Sudanese army reinstates Prime Minister Hamdok after deal


  • Hamdok reinstatement agreement agreed
  • Civilian FCC coalition calls for protests to continue
  • Army overthrew Hamdok in October 25 coup

KHARTOUM, November 21 (Reuters) – The Sudanese army reinstated Prime Minister Abdalla Hamdok on Sunday and announced the release of all political detainees after weeks of deadly unrest sparked by a coup.

Under an agreement signed with the military leader, General Abdel Fattah al-Burhan, Hamdok will lead a civilian government of technocrats during a period of transition.

Hamdok said he accepted the deal to stop the bloodshed.

Register now for FREE and unlimited access to

Register now

“Sudanese blood is precious, let’s stop the bloodshed and direct the energy of young people to construction and development,” he said.

But the civil coalition that shared power with the military had previously said it opposed any discussion with the “coup plotters” and called for the protests to continue on Sunday.

Even as word of the deal spread, thousands of protesters marched to the presidential palace in Khartoum in the early afternoon and called for Burhan’s downfall.

Hamdok was placed under house arrest when the military took power on October 25, derailing a transition to democracy agreed to after the overthrow of Omar al-Bashir in 2019 that ended his three decades of autocratic rule.

The military dissolved Hamdok’s cabinet and detained a number of civilians who held senior positions under the power-sharing deal reached with the military after Bashir’s ouster.

The coup sparked mass protests against the military, and protest-aligned medics say security forces killed 40 civilians in increasingly violent crackdowns.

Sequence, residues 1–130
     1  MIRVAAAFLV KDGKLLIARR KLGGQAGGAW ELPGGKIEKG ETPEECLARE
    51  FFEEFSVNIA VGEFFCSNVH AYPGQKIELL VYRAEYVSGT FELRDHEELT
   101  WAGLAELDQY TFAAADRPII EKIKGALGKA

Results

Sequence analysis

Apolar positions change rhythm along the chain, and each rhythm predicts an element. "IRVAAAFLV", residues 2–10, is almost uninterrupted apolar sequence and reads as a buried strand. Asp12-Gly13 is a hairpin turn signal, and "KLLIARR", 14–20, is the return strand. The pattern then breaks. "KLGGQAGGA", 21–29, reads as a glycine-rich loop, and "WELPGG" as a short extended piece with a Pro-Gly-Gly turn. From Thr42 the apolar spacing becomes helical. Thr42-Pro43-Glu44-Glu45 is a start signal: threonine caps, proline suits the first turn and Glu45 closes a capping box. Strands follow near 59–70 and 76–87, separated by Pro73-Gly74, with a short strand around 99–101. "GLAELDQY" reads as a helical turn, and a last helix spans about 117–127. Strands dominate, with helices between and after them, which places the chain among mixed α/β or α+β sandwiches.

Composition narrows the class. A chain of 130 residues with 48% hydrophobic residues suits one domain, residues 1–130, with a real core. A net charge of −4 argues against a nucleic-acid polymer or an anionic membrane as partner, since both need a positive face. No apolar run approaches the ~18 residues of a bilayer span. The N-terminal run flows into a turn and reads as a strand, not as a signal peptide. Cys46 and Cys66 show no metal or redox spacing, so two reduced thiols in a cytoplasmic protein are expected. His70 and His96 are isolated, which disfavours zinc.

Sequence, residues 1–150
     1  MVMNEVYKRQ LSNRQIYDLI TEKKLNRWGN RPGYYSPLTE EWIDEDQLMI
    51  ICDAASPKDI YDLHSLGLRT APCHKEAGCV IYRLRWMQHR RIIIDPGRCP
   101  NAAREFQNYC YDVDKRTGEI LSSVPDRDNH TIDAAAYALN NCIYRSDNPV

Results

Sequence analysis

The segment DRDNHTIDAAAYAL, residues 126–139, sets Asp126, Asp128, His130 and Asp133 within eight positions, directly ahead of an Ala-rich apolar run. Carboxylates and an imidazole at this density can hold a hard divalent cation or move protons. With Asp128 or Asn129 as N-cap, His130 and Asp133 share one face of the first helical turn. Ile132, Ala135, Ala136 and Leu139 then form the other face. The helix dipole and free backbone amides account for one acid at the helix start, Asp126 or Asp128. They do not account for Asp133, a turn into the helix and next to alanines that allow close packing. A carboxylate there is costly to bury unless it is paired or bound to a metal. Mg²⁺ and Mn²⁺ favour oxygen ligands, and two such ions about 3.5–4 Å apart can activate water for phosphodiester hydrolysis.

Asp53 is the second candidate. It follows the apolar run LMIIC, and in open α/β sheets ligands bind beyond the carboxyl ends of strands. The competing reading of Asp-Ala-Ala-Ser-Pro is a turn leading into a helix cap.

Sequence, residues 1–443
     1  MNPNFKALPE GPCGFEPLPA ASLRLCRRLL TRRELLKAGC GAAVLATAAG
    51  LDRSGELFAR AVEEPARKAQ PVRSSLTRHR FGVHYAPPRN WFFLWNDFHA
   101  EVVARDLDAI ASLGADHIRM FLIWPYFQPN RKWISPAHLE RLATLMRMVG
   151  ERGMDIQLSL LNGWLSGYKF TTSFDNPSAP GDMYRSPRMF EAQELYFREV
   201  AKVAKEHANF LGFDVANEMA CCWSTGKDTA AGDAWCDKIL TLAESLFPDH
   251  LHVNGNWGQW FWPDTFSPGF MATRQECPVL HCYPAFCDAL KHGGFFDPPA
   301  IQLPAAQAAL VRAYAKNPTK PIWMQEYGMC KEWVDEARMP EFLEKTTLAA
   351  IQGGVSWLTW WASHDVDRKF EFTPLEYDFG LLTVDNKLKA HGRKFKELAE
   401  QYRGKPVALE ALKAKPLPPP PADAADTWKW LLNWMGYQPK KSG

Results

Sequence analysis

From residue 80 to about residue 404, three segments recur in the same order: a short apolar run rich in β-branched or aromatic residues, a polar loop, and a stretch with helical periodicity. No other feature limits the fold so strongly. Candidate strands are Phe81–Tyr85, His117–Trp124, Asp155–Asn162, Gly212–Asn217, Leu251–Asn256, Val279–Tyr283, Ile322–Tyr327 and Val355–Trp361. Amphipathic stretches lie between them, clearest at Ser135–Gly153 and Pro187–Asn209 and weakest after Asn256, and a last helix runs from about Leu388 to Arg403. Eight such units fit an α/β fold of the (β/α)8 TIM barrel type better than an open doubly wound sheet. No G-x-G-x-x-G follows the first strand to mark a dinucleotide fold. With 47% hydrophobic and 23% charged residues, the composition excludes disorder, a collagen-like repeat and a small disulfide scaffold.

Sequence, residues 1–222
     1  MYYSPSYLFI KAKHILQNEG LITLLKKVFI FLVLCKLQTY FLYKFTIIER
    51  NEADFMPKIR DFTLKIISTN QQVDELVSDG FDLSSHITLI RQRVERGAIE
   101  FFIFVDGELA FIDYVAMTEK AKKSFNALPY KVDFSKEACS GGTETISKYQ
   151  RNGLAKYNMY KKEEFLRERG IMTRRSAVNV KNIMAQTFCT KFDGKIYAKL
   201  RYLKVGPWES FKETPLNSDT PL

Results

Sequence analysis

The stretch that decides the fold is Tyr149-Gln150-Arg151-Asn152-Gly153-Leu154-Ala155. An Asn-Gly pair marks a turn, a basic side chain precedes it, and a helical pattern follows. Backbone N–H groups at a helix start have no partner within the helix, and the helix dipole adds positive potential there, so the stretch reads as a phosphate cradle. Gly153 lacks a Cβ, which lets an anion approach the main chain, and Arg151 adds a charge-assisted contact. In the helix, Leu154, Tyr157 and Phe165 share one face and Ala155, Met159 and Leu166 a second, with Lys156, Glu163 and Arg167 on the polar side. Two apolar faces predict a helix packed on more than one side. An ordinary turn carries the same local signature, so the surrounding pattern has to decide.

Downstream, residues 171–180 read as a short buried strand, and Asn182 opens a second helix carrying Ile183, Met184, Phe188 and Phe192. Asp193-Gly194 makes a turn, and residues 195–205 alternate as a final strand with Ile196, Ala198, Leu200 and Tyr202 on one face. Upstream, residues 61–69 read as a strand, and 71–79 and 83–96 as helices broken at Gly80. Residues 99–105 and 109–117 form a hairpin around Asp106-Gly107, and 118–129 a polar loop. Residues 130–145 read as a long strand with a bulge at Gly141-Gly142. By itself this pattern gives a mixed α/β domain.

The constitutional declaration reached between the military and civilians in 2019 after Bashir’s ouster will remain the basis for continuing the talks, the source close to Hamdok said.

However, the activist groups leading the protests since the coup have demanded that the military withdraw from politics altogether.

The civil coalition of the Forces for Freedom and Change (FFC), which shared power with the military, said it did not recognize any deal with the armed forces.

“We affirm our clear and previously announced position: no negotiation and no partnership and no legitimacy for the coup plotters,” the FFC said in a statement.

Those who led and supported the coup should be brought to justice, he said, calling on the population to show up for the latest round of anti-military protests on Sunday.

After the coup, Hamdok demanded the release of all political detainees and a return to power sharing as a precondition for negotiations, according to sources close to him.

Western powers that had supported Sudan’s political transition condemned the takeover and suspended some economic aid to Sudan.

Register now for FREE and unlimited access to

Register now

Report by Khalid Abdelaziz; Written by Nadine Awadalla and Michael Georgy; Editing by Aidan Lewis, Christopher Cushing, William Mallard, David Clarke and Andrew Heavens

Our standards: Thomson Reuters Trust Principles.


Comments are closed.